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Supreme Court, Appellate Division, First Department, New York.

IN RE: AMSTEL RECYCLING & CONCRETE CORP., et al., Petitioners-Appellants, v. The CITY OF NEW YORK, et al., Respondents-Respondents.

Decided: May 11, 2004

NARDELLI, J.P., LERNER, FRIEDMAN, GONZALEZ, JJ. Davidoff & Malito, LLP, New York (Howard S. Weiss of counsel), for appellants. Michael A. Cardozo, Corporation Counsel, New York (Julie Steiner of counsel), for respondents.

Judgment, Supreme Court, New York County (Michael V. Ajello, J.), entered December 8, 2003, which denied petitioner's application to annul respondent Environmental Control Board's determination that petitioner was operating a non-putrescible solid waste fill material transfer station without a permit, unanimously affirmed, without costs.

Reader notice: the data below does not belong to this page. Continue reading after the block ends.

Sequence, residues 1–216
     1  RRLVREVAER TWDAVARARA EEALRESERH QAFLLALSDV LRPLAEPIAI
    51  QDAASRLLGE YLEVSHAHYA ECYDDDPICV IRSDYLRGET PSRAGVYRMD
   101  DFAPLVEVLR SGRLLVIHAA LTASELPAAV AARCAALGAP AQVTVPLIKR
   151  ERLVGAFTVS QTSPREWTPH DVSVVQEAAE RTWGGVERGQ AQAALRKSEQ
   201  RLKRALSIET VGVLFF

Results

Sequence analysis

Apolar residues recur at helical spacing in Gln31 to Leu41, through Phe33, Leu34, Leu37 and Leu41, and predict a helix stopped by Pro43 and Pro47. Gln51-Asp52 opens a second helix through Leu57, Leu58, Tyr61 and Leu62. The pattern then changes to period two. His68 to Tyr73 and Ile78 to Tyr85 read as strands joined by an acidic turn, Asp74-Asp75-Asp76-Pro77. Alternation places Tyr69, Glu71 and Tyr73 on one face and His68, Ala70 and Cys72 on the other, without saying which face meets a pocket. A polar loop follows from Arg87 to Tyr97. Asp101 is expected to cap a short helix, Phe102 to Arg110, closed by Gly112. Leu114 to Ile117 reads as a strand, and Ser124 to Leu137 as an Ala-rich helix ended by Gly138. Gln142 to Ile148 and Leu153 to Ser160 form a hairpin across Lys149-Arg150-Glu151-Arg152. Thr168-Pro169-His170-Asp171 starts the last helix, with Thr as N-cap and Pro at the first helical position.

It appears that petitioner accepts solid waste into its facility, namely, discarded broken-up concrete, and turns it into smaller pieces of concrete for sale to roadway and construction contractors.   Respondent determined that such activity makes petitioner a “transfer station” for which a permit is required.   Petitioner argues that such determination is contrary to the definition of transfer station in Administrative Code of the City of New York § 16-130(a)(5).   That provision defines a “non-putrescible solid waste transfer station” as “any structure, building or other premises ․ at which only non-putrescible solid waste is received for the purpose of subsequent transfer to another location, regardless of whether such non-putrescible waste is subject to any processing or reduction in volume at such structure, building or premises.”   In addition, “solid waste” is defined as “all putrescible and non-putrescible materials or substances ․ that are discarded or rejected ․ includ[ing] recyclable materials” (Administrative Code § 16-130 [a][1] );  “non-putrescible solid waste” is defined as including concrete (Administrative Code § 16-130[a][3];  see also 16 RCNY 4-01 defining, inter alia, “fill material transfer station”);  and “recyclable materials” are defined as “solid waste that may be separated, collected, processed, marketed and returned to the economy in the form of raw materials or products” (Administrative Code § 16-303[i] ).   Respondent's determination is based on a finding that petitioner's transformation of discarded broken-up concrete into salable smaller pieces of concrete is “processing” that, while changing the size and volume, and therefore the value and marketability, of the concrete it receives, does not change its nature as solid waste.   Such determination involves application of special expertise in the field of sanitation to interpret statutory language, and is therefore entitled to deference as long as it does not run counter to the plain meaning of the above definitions (see Matter of Raritan Dev. Corp. v. Silva, 91 N.Y.2d 98, 102-103, 667 N.Y.S.2d 327, 689 N.E.2d 1373).   It does not.   We have considered petitioners' other contentions and find them unavailing.